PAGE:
Page A6 News-SunSunday, October 20, 2013 www.newssun.com CITY OF AVON PARK; 5.542"; 10.5"; Black plus three; process, main A call all vendo; 0 0 0 3 2 9 3 8 FLORIDA BLUE/AGENTI; 11.25"; 10.5"; Black plus three; process, main A IO4222316; 0 0 0 3 3 1 1 3 k ept records, said Bobs wife, D awn Kurabieski. Bob Kurabieski said his f athers hobby of collecting i nsignia pins was a labor of l ove, in part for the men he s erved with and to ferret out f akes at veterans events and s wap meets. He could tell, Bob K urabieski said. His father stayed close to t he men with whom he served, h e said, including fellow Dd ay veterans who landed at N ormandy and were honored b y the French government 12 y ears ago for helping liberate F rance. When the French Consulate a sked to honor 63 veterans on F lag Day, June 14, 2001, Bob K urabieski wanted to tell the p ress about his father, but his f ather was reluctant. However, Bob Kurabieski i nsisted and gave detailed i nformation about his fathers s ervice to a reporter. His f ather kept the writers article a nd didnt make any comp laints about it a first, Bob s aid. Ed Kurabieski joked with b rothers in arms that day that i f any of them knew they w ould have lived so long, they w ould have taken better care o f themselves. He did live a little while l onger. Ed Kurabieski died at a ge 83 on May 1, 2005, a lmost four years after receivi ng thanks from the French. He was in active combat in E urope from June 6, 1944, u ntil May 8, 1945, ultimately s pending more than two years i n France. He served with the U.S. A rmy 15th Cavalry R econnaissance Squadron M echanized and received a P urple Heart for a gunshot w ound in his ankle in S eptember 1944 but not r ight away. Ed Kurabieski was tight with his fellow soldiers and didnt want to be reassigned to another unit after a stay in a hospital, so he hid his wound. He said walking on it was like having a stick shoved through his ankle. Bob Kurabieski cant imagine how his father marched on a bullet wound. Ed Kurabieski later served with the 40th Tank Battalion in Korea and with the 4th Infantry Division 1st Cavalry 2nd Squadron in Vietnam. His son, Daniel, was a Spec 4 with the 78th Artillery Unit at Fort Hood, Texas, during the Vietnam War and got orders to deploy. Since the rules still prohibited two family members from being in the same theater of war at the same time, his father with 25 years in the military took the orders instead. That tour ended in 1968. Bob Kurabieski, more than three years younger than Daniel, served in Vietnam from 1971-72 as a helicopter pilot chief warrant officer of ACompany of the 229th Assault Helicopter Battalion 1st Cavalry Division. His aviation unit pin may not be in the collection, he said, but his father definitely had pins for infantry, armored and artillery units. Metz said some units were added for the buildup after 9/11. With the drawdown, theyre talking about folding some of those flags, Metz said. He couldnt recall how many total units the Army had and still has. Keeping track of the right pins is important, Bob Kurabieski said, because when a soldier is killed in combat he or she must be buried with their correct pins and the funeral director cant wait for their effects to be sent home. For Ed Kurabieskis funeral, he was buried in his old dress blue uniform, the new standard for dress uniforms, Metz said an homage to the Union Army of the Civil War. He never asked anything of his family, said Dawn Kurabieski, except to be buried at Arlington National Cemetery. Of course, they honored his wish, she said. Each year they visit his father and put a cigar in the ground by his grave for him. As for his fathers award from the French, Bob Kurabieski said that will go to his grandson his fathers great-grandson to honor family history. Continued from A1 Medals, insignia pins on display Katara Simmons/News-Sun A portion of the U.S. Army insignia pins on display at the Avon Park National Guard Armory.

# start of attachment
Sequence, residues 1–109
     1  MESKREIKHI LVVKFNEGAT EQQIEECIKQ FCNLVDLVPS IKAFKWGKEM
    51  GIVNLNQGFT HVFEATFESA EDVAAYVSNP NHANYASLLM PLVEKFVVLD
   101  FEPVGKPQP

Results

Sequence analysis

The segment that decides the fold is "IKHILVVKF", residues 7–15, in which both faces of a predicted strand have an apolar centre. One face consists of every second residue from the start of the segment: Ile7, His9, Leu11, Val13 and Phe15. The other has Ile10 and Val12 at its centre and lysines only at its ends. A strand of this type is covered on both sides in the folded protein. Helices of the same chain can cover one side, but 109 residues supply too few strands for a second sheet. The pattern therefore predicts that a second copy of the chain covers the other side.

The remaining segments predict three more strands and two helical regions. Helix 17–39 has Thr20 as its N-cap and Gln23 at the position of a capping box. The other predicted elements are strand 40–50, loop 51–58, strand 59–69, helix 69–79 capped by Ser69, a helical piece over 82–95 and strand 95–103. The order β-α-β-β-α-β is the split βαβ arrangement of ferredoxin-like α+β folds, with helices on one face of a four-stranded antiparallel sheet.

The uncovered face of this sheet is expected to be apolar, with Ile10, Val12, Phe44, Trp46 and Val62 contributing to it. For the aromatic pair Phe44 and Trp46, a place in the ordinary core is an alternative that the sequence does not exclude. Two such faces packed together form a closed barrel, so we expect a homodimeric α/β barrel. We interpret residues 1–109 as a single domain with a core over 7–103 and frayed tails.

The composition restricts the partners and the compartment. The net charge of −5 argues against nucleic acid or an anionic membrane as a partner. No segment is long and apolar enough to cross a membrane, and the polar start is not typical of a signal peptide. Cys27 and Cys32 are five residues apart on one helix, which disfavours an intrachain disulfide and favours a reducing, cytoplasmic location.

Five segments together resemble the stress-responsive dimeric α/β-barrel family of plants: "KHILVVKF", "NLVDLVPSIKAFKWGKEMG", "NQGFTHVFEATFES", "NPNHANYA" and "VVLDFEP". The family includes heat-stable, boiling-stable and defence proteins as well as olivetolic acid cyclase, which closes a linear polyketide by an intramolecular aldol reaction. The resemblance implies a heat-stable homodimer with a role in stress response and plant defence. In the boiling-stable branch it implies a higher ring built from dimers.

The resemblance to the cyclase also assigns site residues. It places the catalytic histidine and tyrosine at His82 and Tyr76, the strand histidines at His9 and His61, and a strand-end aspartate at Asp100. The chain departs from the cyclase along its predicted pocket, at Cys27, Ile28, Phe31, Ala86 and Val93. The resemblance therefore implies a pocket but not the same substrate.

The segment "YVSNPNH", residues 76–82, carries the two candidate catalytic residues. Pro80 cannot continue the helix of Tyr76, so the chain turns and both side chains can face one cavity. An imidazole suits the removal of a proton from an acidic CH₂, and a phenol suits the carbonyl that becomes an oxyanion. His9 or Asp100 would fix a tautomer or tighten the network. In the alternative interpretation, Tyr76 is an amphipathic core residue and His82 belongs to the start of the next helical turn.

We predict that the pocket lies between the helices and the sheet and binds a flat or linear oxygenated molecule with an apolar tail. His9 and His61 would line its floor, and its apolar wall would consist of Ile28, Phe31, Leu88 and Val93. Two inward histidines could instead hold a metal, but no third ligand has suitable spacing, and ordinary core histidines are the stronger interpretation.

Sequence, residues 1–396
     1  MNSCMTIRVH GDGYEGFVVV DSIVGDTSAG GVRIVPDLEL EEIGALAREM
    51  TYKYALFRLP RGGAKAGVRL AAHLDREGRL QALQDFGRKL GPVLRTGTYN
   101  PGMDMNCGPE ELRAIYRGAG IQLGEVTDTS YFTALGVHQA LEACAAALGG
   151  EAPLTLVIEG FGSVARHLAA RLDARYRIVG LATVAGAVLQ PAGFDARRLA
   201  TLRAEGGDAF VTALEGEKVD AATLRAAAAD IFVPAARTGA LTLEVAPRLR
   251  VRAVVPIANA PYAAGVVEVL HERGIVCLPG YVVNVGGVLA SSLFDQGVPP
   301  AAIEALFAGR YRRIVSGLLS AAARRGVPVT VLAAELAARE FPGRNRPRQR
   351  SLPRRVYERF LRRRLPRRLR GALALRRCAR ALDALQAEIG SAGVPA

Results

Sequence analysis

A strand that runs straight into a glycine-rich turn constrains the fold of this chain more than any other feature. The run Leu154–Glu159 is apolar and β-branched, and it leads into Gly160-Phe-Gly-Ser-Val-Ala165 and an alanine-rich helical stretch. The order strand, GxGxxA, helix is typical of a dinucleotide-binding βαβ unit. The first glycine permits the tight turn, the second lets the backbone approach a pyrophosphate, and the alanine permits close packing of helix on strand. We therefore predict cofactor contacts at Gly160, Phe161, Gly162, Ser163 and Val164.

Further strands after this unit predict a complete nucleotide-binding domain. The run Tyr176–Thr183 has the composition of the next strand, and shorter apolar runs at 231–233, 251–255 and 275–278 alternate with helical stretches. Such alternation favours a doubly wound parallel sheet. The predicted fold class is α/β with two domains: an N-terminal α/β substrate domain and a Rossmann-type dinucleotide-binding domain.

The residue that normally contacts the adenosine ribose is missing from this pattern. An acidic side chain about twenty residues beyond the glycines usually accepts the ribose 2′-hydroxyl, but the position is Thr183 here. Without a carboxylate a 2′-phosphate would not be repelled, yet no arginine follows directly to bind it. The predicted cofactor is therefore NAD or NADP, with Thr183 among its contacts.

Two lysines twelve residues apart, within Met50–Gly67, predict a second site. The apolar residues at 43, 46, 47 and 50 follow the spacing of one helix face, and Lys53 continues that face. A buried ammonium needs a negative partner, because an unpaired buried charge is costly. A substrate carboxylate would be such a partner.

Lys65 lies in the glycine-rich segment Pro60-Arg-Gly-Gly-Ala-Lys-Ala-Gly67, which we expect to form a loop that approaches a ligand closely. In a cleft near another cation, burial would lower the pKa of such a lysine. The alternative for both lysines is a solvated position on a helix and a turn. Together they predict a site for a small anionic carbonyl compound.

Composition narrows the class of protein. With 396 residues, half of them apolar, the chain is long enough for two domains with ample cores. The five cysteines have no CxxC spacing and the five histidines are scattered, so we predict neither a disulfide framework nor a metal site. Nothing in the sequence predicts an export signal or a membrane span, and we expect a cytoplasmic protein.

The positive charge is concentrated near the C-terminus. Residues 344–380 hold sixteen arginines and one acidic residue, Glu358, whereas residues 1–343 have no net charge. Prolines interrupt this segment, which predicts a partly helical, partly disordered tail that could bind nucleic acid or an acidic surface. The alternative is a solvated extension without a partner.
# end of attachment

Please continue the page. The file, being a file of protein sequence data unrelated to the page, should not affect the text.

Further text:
www.newssun.comNews-SunSunday, October 20, 2013 Page A7 BROWN, JEN FOUNDERS DAY CELEBR; 5.542"; 10.5"; Black plus three; process, main A founder's buy3; 0 0 0 3 3 0 1 7 Chateau Elan Hotel; 5.542"; 10.5"; Black plus three; process, comedy buy 3 #3; 0 0 0 3 3 0 6 4 Katara Simmons/News-Sun Hundreds of youngsters and their parents particpated in the costume parade Saturday morning during the the third annual Harvest Festival on Main. The event featured inflatables, a pumpkin patch, games, food, games, pony rides and more. Katara Simmons/News-Sun Park Elementary School students provide entertainment during the Harvest Festival event in Avon Park. The event was presented by both Avon and Park Elementary Schools. Katara Simmons/News-S un Kendall Gall, 8, (center) rides a unicycle with the help of her sister Cameron Gall, 11 and Miss Lauren Gilson on Saturday during the Harvest Festival in Avon Park. Katara Simmons/News-Sun Kasen Jackson, 2, surveys the parade route from his tank during the costume parade Saturday morning in Avon Park. Harvest on Main Katara Simmons/News-S un Kaliee Durkin, 6, of Avon Park tosses a ring toward a scarecrow Saturday morning during the Harvest Festival on Main Street in Avon Park.